"Byl jednou jeden kral" — once upon a time, there was a king — the opening line for many a classic fairytale. While all peoples have their folk tales and legends, from the Arabian Nights to the Brothers Grimm and Walt Disney, in few cultures have fairytales won such an honored and beloved a place as they enjoy in the hearts of the Czech people, certainly at Christmas time.
Over the past half century fairytales on film — or "pohadky" — have become even more of an essential part of a Czech Christmas than is, say, the ritual carving of the goose or turkey and The Nutcracker ballet for much of the English-speaking world.
It would be hard to overstate the importance of the fairytale genre in Czech culture.
A case in point is the 1950s classic film "Pysna Princezna," the story of an uppity young royal sorely in need of a dash of humility. It still holds the record as the most visited film ever to screen in Czech and Slovak cinemas. Well over 8 million people saw it at least once on the silver screen; millions more watch it at home on television, Christmas after Christmas.
In fact so popular are fairytales like "Pysna Princezna" and "Tri Orisky pro Popelku" — the Czechs' take on "Cinderella" — that many families plan their holiday meals around the television programming — meals at which, by the way, a freshly killed carp with a side of potato salad is far more likely to play the starring role as dinner than any kind of plucked bird.
To this day, in parts of Moravia and Slovakia, people say with a wink that domestic animals are able to speak on Christmas Day and even predict the future, though legend has it that if you repeat what you've heard you won't live out the following year.
In pohadky, of course, all kinds of enchanted creatures come to life on the screen. In modern productions — and a good half-dozen new Czech fairytale series and films come out each year — state-of-the-art special effects are employed to do just that. Digital wizardry allows witches and devils to transform themselves — and others — into all manner of talking beast.
In today's program, though, we'll be giving you a taste of the Christmas viewing fare that the Czechs love best — the classic old fairytales in which the human comedy — along with elaborate set designs and fanciful songs — take center stage and visual effects a supporting, or cameo, role.
The first fairytale film we feature today is "Pysna Princezna" or "The Proud Princess." Shot in black and white in 1952, it is the most popular "pohadka" of all time, and, as mentioned earlier, the most screened film in Czechoslovak cinema history.
That merry little fellow you've just heard singing is a cobbler who each day crosses the border between his homeland, the Kingdom of Midnight, into the neighboring kingdom and bursts forth in song.
Why make the journey?
Because in the humble shoemaker's own land, incredibly, it is forbidden to sing, or even whistle a tune, as it is seen as a distraction from work.. The peasants there also live in fear of the king's tax collectors.
Based on a story by the early 19th century writer Bozena Nemcova — who is known as the "mother of Czech literature" — "Pysna Princezna" is the tale of a good king, Miroslav, who sets out to win the heart of the beautiful - but uppity - Princess Krasomila of the Kingdom of Midnight.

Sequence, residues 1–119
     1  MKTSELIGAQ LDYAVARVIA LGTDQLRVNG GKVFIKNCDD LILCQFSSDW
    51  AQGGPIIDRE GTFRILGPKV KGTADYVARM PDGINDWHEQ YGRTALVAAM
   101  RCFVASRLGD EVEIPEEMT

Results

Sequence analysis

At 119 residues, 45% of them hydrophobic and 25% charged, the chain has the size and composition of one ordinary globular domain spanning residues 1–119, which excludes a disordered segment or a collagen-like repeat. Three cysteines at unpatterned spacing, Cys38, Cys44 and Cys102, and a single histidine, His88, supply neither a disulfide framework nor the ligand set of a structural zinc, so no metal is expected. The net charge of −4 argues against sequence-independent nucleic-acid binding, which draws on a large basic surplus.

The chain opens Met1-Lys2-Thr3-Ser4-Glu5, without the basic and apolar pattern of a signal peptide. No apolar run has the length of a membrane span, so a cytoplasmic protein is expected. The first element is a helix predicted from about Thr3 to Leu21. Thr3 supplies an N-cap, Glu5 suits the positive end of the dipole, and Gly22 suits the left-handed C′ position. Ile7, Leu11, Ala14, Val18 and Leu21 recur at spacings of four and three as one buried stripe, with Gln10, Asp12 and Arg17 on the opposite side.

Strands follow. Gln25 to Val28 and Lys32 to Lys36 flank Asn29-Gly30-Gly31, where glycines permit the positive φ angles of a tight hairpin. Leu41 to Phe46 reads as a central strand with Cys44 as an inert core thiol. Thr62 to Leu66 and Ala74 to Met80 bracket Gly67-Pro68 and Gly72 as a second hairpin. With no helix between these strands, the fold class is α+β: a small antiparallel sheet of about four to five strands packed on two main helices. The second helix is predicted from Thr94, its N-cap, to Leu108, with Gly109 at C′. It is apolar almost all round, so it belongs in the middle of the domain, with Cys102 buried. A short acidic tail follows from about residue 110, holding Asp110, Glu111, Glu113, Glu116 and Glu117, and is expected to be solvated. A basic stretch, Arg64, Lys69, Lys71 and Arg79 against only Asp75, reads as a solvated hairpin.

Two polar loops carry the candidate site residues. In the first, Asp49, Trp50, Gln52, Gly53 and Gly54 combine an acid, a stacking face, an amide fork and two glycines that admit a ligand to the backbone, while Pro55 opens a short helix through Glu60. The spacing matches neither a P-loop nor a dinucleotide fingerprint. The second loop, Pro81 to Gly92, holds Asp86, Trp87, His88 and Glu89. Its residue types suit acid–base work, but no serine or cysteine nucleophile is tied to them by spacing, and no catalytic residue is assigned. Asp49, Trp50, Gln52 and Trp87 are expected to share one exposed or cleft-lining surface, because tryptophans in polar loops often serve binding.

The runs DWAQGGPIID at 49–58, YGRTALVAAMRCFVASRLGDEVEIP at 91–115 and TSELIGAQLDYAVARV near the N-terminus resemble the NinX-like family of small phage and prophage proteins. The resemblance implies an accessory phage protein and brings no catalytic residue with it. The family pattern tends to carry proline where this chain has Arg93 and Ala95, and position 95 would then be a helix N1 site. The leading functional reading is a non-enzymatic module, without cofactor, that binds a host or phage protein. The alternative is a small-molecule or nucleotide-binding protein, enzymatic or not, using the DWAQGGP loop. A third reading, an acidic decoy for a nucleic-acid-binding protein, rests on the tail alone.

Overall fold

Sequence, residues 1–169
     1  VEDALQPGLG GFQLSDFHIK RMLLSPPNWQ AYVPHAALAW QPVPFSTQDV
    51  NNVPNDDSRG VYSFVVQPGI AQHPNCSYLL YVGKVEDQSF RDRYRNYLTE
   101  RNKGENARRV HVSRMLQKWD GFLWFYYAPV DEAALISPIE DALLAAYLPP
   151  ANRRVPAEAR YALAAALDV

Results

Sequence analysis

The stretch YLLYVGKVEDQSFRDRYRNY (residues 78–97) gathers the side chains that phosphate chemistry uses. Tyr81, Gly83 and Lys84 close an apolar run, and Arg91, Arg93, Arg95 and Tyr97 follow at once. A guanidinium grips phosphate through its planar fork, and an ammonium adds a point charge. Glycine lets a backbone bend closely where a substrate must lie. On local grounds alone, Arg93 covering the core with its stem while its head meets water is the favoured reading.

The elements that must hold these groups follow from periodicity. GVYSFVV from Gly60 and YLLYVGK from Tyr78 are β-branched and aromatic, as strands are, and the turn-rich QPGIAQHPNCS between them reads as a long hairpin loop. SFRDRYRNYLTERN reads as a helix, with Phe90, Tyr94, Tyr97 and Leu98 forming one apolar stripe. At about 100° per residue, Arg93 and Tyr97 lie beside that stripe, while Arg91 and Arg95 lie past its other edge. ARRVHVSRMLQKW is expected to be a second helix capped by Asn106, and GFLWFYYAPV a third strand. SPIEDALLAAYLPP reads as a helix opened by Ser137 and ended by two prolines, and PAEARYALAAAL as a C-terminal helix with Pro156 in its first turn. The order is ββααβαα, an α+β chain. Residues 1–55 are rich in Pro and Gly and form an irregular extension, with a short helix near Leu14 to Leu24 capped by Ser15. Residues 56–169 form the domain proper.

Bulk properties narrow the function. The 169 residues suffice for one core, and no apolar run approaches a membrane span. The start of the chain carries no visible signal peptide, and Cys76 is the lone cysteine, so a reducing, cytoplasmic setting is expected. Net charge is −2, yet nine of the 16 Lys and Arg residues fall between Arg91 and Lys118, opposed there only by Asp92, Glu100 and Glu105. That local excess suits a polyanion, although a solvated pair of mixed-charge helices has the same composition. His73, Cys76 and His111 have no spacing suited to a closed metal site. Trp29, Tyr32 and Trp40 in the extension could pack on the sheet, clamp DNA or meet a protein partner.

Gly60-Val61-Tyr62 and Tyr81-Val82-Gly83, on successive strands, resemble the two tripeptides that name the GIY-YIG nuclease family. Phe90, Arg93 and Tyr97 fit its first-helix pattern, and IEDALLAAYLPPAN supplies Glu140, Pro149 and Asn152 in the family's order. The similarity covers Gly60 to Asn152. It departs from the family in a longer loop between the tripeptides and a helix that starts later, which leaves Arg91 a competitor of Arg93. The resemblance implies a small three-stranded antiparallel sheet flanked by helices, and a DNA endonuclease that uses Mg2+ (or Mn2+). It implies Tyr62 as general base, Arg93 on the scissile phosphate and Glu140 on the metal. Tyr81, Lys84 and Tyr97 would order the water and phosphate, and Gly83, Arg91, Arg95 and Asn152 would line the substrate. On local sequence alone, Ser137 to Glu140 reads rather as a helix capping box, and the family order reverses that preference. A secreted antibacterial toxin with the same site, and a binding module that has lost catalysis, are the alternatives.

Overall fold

Now, by their very nature, fairytales are morality tales, with a message to impart. With the Czechoslovak directors working under the watchful eyes of Communist censors, the propaganda was often very thinly veiled.
King Miroslav, for example, is beloved in his own land because his royal subjects know that an honest day's work means an honest day's pay — and also because singing is encouraged (this is a fairytale, after all). The handsome young king peppers his speech with gems like "first work, then play," and "he who works well must prosper" and sings: "there is honor in every kind of work."
Of course, in any fairytale worth its salt, love conquers all. Early in the film "Pysna Princezna", matchmakers arrange for the two young royals to exchange portraits of themselves. King Miroslav likes what he sees — a tall blonde with wavy hair and delicate features — but Princess Krasomila snubs her suitor sight unseen; she doesn't even bother to unveil his portrait, yet deigns him "unfit to tie her shoelaces."
In classic fairytale style, King Miroslav goes under cover, disguising himself as a gardener, in order to get close to Princess Krasomila and see what makes her heart tick. Ironically, when they do meet, she demands that the lowly "gardener" lace up her shoe, insisting that kings would consider it an honor to do so.
"Kings might find it an honor, maybe: I am a gardener," fibs King Miroslav, and struts off (wearing the tight tights and short shorts that were apparently all the rage back in the day).
It's been said that music calms the savage beast and it soon proves to be the fastest way to melting Krasomila's frozen heart. The kindly old nurse tells Miroslav that the princesses' favorite song from childhood is "blossom, little bud, blossom." Somehow — call it magic — he grows an enchanted singing flower, which wilts in Krasomila's presence — apparently this plant is allergic to pride.
Well, before too long, Krasomila falls for the "gardener," who teaches her not only humility and manners, but how to play the guitar. Remember, singing is forbidden in the Kingdom of Midnight, so this is an act of rebellion. But when Krasomila's father, the king, can't resist but to join them in song, he has to ask himself why he banned it in the first place?
After a few minor plot twists good chase scenes, the kindly old fool of a king admits he's made a mess of things. He lowers taxes, rescinds the order to ban singing, and turns over his crown to Miroslav, his future son-in-law.